This paper examines the intersection of physical violence, structural violence, and masculinity through the life history narrative of a 20-year-old man exiting an informal gang in Gugulethu, a township in Cape Town. Beginning and remaining with James Madoda's narrative, the paper shows how the gendered physical violence between young men in townships emerges from historical and present-day structural violence – here defined as institutionalised power inequalities that limit life opportunities – and argues that structural violence needs to be discussed and addressed as a policy issue in South Africa. It also suggests that structural violence may provide a platform for collaboration among civil society actors working on socioeconomic transformation and the prevention of violence.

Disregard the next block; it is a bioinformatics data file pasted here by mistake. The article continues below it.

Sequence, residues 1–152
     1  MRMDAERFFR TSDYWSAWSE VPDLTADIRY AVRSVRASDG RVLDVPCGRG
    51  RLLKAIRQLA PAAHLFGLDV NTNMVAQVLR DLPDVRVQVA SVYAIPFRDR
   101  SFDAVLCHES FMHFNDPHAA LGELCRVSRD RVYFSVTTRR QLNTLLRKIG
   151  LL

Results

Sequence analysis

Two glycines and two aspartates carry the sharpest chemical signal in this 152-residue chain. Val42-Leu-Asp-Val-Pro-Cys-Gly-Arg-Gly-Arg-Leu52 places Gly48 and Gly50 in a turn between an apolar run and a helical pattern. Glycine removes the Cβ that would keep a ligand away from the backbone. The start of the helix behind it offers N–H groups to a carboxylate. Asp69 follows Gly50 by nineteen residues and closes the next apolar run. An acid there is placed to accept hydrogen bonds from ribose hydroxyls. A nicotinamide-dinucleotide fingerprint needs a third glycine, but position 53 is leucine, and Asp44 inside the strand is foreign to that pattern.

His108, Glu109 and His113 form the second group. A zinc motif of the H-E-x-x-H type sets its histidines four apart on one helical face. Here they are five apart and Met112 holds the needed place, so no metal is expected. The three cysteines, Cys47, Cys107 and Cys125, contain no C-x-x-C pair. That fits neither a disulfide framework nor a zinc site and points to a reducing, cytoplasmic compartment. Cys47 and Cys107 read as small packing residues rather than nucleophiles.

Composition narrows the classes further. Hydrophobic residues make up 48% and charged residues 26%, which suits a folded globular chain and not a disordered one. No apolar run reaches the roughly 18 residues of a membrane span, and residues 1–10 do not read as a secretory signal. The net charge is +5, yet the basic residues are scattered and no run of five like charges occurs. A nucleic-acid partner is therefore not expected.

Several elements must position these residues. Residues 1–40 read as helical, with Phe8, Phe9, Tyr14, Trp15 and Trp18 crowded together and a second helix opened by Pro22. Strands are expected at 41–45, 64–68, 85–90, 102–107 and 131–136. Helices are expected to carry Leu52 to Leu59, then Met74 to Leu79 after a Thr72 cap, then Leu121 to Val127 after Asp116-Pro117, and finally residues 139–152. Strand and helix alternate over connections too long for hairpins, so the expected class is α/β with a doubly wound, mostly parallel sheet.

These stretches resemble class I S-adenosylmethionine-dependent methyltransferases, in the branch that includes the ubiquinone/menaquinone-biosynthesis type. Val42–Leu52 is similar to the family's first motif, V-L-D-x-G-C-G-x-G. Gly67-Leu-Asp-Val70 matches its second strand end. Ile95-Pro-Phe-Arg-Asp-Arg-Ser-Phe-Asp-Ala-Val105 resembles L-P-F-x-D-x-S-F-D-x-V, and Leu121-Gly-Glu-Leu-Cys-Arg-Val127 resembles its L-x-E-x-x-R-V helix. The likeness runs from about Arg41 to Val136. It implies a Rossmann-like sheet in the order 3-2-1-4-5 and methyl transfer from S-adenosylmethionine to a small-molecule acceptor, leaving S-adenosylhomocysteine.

J Brankovic_Young Men and Physical and Structural Violence in Post-Transition South Africa_VTP
Jasmina Brankovic is the Senior Research Specialist at the Centre for the Study of Violence and Reconciliation and the Associate Editor of the International Journal of Transitional Justice. With a focus on participatory methods, she conducts research on inequality and socioeconomic transformation, climate justice, gender in conflict, and civil society strategies for social change in transitional contexts.